Wiping his mouth with his sleeve he turned around and went through his phone again. Found the number that he wanted. Sam Jakobs. It was the first time he had ever had Sam Jakobs correct name saved on his phone. You see, in Jackson’s previous life, as a police officer, he was the Detective Sergeant in charge of the Covert Human Intelligence Source handling team. The team that dealt with informants. Sam Jakobs had been an informant. The best that he had ever had, and they had got close. Maybe too close, but that is what happens when someone has your back, which his own organisation didn’t have.
Jackson had resigned, after being arrested by the Professional standards department. Misconduct in a public office and theft, none of which he had done. Jackson had been an excellent police officer, maybe a little unorthodox, old school they had called it, or a dinosaur, but he got results, because he loved what he did. More recently, results that Sam Jakobs, pseudonym Robbie Strange, had helped him with. Jackson had been charged and was on bail. Professional Standards had told him that he was looking at five years inside, but Jackson wasn’t worried. He was innocent and he believed in the legal system.
He stood next to his old Toyota Previa estate and pressed down on the dial number, but then hung up straight away. He saw Jakobs bouncing down towards him. It was cold and grey, typical British wintery weather, without the snow, but Jakobs was dressed in just a t-shirt and jeans. The t-shirt would have been baggy on most men, but stretched tight around Jakobs full muscles. He was laughing having seen Jackson throwing his guts up.
“Rough night Charlie?”
“Fuck off,” replied Jackson, but he did manage a smile.
“Where is Julie?” asked Jackson, still getting used to the fact that his ex-work colleague Julie Stokes was now hooked up with his ex- informant. Had she still been in the job, it would never have happened, police officers who shagged informants got the sack. Jackson had his own problems with his court case, but his ex-partner, Julie Stokes was in a far worse predicament. She had also been arrested, just before Jackson had, and she had also resigned from the force. Stokes was also on currently bail to Maidstone Crown Court, but for far worse than Jackson. Her case involved a potential life sentence for murder. She had caught a young burglar in her house, and she had been drunk, on her own. The teenage criminal had been armed with a knife, which he had used on other victims. All of which Julie Stokes was aware of, after all she was involved in the investigation from the start. Maybe it was because she was drunk, or maybe it was because she was frightened, or maybe, as the prosecution were alleging she was plain angry with the man inside her house. She had hit him one too many times with her Asp. The young burglar had died in her living room.
Stokes came walking out of the house in Darnley Road, which Jakobs was currently looking after on behalf of his Nan, who was currently in hospital being treated for Dementia.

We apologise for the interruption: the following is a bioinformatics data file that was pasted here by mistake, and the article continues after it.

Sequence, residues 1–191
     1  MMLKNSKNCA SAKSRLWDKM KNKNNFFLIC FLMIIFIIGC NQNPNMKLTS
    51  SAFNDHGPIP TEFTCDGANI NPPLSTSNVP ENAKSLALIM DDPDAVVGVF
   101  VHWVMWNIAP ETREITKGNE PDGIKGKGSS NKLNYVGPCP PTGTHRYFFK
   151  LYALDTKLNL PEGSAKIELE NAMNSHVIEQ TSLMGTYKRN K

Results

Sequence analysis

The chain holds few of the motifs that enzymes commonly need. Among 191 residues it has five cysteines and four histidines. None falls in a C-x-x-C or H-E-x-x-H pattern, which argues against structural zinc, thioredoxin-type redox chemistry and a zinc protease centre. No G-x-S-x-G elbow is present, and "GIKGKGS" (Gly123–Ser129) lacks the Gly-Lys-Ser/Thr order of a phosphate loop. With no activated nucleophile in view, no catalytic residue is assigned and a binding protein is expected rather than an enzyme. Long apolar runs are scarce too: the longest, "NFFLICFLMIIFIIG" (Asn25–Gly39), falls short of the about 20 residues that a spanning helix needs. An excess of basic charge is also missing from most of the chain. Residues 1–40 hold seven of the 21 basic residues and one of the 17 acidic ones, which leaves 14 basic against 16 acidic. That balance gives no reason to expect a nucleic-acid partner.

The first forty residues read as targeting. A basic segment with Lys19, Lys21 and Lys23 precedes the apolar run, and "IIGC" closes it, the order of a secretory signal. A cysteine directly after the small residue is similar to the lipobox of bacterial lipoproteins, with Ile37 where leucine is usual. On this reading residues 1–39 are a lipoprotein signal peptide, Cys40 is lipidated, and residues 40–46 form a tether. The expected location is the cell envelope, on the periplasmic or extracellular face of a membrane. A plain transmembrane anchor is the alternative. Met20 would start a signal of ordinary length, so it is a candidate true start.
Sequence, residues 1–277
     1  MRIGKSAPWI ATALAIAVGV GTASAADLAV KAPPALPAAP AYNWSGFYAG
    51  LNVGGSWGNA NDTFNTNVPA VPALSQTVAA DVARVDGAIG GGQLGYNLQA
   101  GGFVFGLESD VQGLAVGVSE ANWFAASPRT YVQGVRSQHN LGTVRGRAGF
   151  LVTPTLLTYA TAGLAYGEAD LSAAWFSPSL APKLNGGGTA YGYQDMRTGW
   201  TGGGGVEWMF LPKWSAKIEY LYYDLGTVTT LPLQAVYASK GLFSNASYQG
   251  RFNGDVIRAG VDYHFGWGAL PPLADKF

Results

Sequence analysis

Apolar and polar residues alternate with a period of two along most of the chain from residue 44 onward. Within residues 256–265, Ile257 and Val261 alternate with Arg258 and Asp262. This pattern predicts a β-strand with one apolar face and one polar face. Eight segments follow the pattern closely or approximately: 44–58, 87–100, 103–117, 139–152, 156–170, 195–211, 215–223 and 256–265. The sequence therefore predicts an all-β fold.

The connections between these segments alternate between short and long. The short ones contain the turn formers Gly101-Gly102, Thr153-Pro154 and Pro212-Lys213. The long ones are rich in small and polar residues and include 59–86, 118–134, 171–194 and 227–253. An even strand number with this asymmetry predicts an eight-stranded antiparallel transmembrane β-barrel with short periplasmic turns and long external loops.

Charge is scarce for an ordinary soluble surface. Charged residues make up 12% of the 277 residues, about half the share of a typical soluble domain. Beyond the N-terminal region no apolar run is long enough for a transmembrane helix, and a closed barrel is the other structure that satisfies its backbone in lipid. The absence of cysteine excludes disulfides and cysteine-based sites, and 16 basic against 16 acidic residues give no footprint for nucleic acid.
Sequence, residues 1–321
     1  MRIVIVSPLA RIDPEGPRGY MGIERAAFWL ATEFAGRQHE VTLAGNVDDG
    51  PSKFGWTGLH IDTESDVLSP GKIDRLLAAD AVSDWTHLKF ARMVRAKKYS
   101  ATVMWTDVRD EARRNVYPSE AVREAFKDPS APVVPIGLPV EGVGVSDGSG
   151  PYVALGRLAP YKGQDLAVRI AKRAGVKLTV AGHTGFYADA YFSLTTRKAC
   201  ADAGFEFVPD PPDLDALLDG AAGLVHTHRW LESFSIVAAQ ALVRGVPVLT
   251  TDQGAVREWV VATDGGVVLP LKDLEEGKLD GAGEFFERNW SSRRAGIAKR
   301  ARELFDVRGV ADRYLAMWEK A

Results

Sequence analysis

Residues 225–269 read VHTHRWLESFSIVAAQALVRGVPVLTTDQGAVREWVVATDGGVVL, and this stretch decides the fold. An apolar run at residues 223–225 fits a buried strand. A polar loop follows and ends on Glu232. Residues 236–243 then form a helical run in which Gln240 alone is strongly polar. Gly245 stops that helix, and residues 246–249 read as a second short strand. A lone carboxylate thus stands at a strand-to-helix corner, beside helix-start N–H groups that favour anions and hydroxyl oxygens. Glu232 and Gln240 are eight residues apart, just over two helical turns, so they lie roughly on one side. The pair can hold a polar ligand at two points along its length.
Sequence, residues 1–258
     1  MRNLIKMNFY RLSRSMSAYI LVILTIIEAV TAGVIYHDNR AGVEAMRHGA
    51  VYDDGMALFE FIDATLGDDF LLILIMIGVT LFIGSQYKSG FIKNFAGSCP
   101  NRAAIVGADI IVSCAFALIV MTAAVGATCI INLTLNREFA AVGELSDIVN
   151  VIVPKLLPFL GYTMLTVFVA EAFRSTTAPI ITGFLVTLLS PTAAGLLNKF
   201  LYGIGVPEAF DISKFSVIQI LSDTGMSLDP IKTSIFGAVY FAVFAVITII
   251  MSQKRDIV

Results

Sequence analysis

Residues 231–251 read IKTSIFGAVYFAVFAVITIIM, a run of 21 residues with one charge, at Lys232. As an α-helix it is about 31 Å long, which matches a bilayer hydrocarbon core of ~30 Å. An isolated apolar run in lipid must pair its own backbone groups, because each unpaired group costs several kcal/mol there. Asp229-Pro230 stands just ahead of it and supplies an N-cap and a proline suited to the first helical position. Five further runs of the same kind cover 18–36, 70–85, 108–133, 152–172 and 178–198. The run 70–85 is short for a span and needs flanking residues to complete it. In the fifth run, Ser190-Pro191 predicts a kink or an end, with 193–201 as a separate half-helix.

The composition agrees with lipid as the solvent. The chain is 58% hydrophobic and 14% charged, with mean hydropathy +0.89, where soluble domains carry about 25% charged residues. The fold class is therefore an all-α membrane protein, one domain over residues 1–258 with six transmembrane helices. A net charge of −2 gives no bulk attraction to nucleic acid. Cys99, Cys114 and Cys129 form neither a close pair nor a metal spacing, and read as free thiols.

She looked splendid, even though she was warmly wrapped up in a thick woollen blue knee length coat. Her blue eyes sparkled and she ran over to Jackson, threw her arms around him and giggled. Then she pulled away.
“God Charlie you stink of booze.”
“Thanks kid,” replied Jackson mussing with her short cut blonde hair. He then threw her his car keys and opened the back door, throwing himself across the back seats and shut his eyes.
Stokes set herself up to drive and Jakobs slid in next to her. They knew where they were going.
“Charlie, you’re a mess. What the fuck are you playing at. We are on our way to meet your first real client?” Stokes sounded angry, but Jackson was used to it.
“He called me, not the other way round. It’s not an interview, we already got the job, so fuck it,” replied Jackson, his eyes were still shut.
Jakobs listened to the pair of ex-police officers bicker some more, wondering how it had all happened. It was all quite bizarre. He was all told, a criminal, now partnered with the police officers who had ran him as an informant just a few months ago. Partnered in their new adventure as private investigators. Both of his partners on bail to Crown Court, maybe both looking at jail sentences. Neither showing any concern or worry about it. Stokes, now his partner in more ways than one. But Stokes was faking it. He could tell, it was in her face and her voice and her general demeanour. She was petrified of being found guilty of murder, or man-slaughter and going to prison. She was putting on a brave face, that’s all. The newspapers had made it worse, they had made a big thing about how a drunken police officer had murdered a young burglar in her house. Jackson on the other hand wasn’t worried about himself. He could tell that he didn’t give a fuck about himself, he had been through a lot worse than the prospect of going to prison. But Jackson was also worried about Stokes. He could see it. Maybe that was why he had started to snap at her.
Stokes had stopped arguing with her old Sergeant. Jakobs could see her knuckles whiten as she gripped the steering wheel tight. She drove quickly, and was soon out of Gravesend, on the A2, heading towards the M25. Jakobs had never been to Otford before, but knew it was a posh village, just outside Sevenoaks.
“So Charlie, what’s the crack with this missing girl? Let’s go through what we actually know, before we get there,” said Jakobs, breaking the silence, his way of getting his girlfriends mind out of anger mode.